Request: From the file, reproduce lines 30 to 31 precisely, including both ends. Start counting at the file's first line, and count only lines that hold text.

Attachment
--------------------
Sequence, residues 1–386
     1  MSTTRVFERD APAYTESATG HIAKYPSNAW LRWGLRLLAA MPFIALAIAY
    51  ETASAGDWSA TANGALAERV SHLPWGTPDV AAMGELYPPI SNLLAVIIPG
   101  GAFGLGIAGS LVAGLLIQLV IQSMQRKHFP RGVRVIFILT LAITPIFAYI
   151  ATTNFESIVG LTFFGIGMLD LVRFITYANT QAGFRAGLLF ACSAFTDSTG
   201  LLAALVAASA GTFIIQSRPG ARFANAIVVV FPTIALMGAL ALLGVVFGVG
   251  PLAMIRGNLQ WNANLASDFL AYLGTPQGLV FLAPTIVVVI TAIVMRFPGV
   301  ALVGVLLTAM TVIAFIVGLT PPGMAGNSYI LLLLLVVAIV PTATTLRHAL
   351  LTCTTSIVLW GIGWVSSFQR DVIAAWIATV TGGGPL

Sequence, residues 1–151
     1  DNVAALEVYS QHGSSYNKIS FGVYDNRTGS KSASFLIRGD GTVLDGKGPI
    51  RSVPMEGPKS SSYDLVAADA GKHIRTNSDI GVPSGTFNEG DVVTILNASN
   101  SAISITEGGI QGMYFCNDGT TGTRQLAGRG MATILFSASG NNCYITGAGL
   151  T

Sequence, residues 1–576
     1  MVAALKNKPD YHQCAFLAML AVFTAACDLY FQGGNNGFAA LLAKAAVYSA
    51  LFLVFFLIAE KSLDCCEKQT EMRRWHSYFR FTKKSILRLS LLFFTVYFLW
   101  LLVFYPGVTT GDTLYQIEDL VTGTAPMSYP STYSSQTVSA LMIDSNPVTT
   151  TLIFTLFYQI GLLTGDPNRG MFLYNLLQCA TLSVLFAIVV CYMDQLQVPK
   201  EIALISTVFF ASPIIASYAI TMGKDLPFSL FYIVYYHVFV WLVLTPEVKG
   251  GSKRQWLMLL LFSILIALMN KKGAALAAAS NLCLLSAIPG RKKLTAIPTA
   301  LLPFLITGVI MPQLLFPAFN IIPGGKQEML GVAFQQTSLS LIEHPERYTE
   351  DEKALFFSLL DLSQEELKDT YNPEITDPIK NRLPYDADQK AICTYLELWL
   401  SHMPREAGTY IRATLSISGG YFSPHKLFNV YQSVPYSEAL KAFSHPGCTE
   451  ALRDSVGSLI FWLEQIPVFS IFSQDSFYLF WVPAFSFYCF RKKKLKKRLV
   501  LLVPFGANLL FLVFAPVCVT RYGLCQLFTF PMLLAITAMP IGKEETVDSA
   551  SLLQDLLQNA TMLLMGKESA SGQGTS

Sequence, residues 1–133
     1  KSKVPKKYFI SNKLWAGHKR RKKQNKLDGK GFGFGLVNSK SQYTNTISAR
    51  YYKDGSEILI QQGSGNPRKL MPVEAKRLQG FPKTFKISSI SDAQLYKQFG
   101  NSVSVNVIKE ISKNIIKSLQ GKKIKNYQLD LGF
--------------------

    51  YYKDGSEILI QQGSGNPRKL MPVEAKRLQG FPKTFKISSI SDAQLYKQFG
   101  NSVSVNVIKE ISKNIIKSLQ GKKIKNYQLD LGF